Anvil Point Lighthouse
The lighthouse on Anvil Point is a short white-painted tower, only 12 meters in height. The station was planned out and designed by James Walker and was built in 1881 by Trinity House. The tower marks the corner of the coast where the chalk cliffs that stretch from weymouth turn and head towards the port of Poole. The tower is of a almost standard trinity house design, other than the lantern, which is unique in its short stumped appearance. Attached to the tower is a single-story block of keeper's cottages, reached by a small corridoor. The houses, which have pitched roofs and green painted window ledges and trims also retains its original black chimneys, which have been lost from many other lighthouse keeper's cottages around the country.
The simple station also has outbuildings for storage at the back of the compound, behind the keeper's house, whilst a tannoy fog signal building stands in front of the tower, although the workings of this have been mostly removed and the building remains an empty stack.
Between 1959 and 1960 the lighthouse was modernised, including the removal of the tower's original lens, which was installed in 1881 and as noted above, the removal of a fog jib from the roof, having been replaced by a tannoy fog signal, made up of several electric emmiters. The original lens and lighting apparatus is in storage at the Science Museum of London.
1991 saw the automation of the station and the keeper's left on May 31st, although the tower was opened to the public for a while, before finally closing in 2011, when Trinity House decided to lower the status of the lighthouse to that of a minor aid to navigation; in the process, the main optic, which dated to the 1960's improvements and modernisation, was taken out of service and covered up by a plastic sheet in order to protect it from setting fire to anything (although this is not a problem when the lens is kept rotating throughout the day)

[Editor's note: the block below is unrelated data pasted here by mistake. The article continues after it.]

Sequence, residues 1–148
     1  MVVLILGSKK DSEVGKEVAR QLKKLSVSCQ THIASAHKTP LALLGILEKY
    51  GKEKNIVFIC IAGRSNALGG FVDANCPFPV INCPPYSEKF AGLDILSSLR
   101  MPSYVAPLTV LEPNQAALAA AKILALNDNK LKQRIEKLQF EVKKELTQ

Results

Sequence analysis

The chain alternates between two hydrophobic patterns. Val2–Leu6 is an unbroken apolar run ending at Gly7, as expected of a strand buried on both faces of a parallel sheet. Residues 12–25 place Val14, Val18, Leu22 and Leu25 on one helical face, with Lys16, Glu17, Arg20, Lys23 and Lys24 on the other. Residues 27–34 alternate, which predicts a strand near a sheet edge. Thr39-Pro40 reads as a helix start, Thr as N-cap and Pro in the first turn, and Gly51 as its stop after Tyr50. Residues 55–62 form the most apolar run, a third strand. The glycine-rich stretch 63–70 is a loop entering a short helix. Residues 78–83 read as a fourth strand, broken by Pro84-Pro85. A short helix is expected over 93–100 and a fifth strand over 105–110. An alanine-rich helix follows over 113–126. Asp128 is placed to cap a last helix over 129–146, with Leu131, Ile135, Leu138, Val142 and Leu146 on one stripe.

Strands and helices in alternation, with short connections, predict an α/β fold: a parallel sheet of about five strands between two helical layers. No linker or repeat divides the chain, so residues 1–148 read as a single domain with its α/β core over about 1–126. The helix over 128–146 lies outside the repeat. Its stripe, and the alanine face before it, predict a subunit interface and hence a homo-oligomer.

Nowadays a simple LED light is displayed, giving a white flash every 10 Seconds, visible for 9 nautical miles.
Today, the lighthouse is situated within the land of Durlston County Park in Swanage, along with a castle and various cave-like mineshafts.
Also of interest are a pair of metal towers a few meters away from the lighthouse which form a day-range, which are to be alligned to mark safe passage in the area - these are unlit and as their name suggests, they are only of any use during the day. Lighthouses at Hurst Point, The Needles and St. Catherines can all be seen from this Lighthouse on a clear day, as the Isle of Wight is only a short distance away.